I’ve had a Dell Dimension 4400 desktop running as home server since 2009 — starting off with Ubuntu, but recent years with Fedora. Lately the hardware had been showing signs of wear and tear, and a recent power outage took the whole thing to the point of not booting up properly. So time had come to replace this workhorse.
Not being interested in paying too much for a home server setup, I was for some time considering another Intel NUC. But it turns out prices for this, probably backed by the demand, has increased quite a bit in recent years. I got one early for a HTPC, but this very model has increased in price with 70% since. So I fell back to building something on my own again, succeeding my first ever build — an AMD based home computing desktop computer from 2010 initially bought to perform OpenFOAM simulations.
In short I ended up with a Cooler master Elite 110 Mini ITX cabinet and a Celeron processor. But upon installing the Fedora 23 server, I noticed that actually software raid was available, which I up this point had not considered at all. I considered for a while a motherboard with hardware RAID controller, but couldn’t find a satisfactory solution in terms of cabinet size and actual storage. But here I was, having the possibility still, though knowing that the software raid performance probably wouldn’t be as good as the hardware. Still – it would be a huge relief to have some sort of redundancy, which the previous server did not have at all.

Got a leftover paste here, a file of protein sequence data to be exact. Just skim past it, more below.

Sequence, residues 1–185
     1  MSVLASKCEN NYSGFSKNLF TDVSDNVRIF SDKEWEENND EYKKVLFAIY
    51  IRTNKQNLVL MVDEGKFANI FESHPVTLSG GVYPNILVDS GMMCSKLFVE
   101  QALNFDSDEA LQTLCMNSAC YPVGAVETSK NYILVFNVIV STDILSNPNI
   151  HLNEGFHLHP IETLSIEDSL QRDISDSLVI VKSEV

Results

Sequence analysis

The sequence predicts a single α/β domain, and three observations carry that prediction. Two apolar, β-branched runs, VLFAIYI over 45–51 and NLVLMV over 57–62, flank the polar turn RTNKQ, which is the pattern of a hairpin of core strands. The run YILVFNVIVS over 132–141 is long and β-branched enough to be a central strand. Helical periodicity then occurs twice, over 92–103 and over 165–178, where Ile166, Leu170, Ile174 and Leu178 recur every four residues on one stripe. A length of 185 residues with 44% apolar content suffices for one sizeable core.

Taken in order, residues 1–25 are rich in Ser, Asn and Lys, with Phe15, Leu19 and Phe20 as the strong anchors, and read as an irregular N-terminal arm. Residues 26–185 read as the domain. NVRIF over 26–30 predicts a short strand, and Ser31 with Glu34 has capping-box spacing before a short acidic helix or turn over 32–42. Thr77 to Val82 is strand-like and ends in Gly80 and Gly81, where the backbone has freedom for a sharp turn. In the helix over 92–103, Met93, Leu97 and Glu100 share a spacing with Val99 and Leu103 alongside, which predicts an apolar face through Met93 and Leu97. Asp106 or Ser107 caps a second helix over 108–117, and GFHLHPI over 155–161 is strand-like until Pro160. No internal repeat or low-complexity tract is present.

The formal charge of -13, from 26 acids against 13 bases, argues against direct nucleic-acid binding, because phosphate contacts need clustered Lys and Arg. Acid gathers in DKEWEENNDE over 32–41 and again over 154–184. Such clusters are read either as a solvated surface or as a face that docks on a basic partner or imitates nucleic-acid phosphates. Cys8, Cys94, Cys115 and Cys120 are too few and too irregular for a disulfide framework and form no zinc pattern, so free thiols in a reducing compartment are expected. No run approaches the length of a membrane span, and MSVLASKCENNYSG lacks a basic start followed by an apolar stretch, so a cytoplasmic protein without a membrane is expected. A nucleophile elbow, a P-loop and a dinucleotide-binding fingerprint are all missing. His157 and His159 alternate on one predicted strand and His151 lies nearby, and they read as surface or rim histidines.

Long story short – I bought only 1 new SSD, and tried to re-use an old 2.5″ laptop HDD. But I somehow got the idea that it should be possible to benefit from the better read spead from the SSD. Fortunately it does, and somebody have already taken their time to write about it: tansi.info/hybrid/.
Though being all new to the software raid and hybrid raid approach, it took me a while to grasp the actual system setup. Could the software raid be setup «standalone», and the raid still be visible in a new Anachonda setup? It seemed so when running Gparted. But numerous tries using the Anachonda installer revealed that it was practically impossible to setup the raid as a part of the installation. I read about the LVM and Btrfs systems, which also offer software raid, but none of them where really good options as they did not include the «write mostly» feature (at least not Btrfs), which is needed to have the hdd write mostly, and the ssd read mostly. So, after maybe 15 different Fedora installations with different approaches, I ended up with this one:
- Partition the SSD as you like, or have the Anachonda setup do it for you. Do not include the HDD in the original setup.
- Make sure that «mdadm» is installed on your new machine (I believe it is not by default, which resulted in one of the new system installations on my end).
- Start a «live» session from USB with, say, torrent.fedoraproject.org/torrents/Fedora-Live-Xfce-x86_64-23.torrent.
- Create a new software raid «partition», perhaps called /dev/md1, using the command line options from tansi.info. I used something like this:
mdadm --create --metadata=0.90 -n 2 -l 1 /dev/md1 /dev/sda2 -W /dev/sdb
- You can keep an eye on the synch-process with
- Then update the
/etc/fstabon your main system, which also can and should be done from the live session. Following this example, I had the line specifying my /home partition, starting with
- Boot back up your main system, and check your
/etc/fstab. It should be denoted with a (W) if the drive/partition is running with write-mostly. If not, you can add it by adding «writemostly» to the state-file
/sys/block/md1/md/dev-sdxX/state, where the final drive/partition (sdxX) depends on your system.
Hopefully this should do the trick! Running the Fedora 23 server, this setup is ecen well recognized in the Cockpit monitor interface: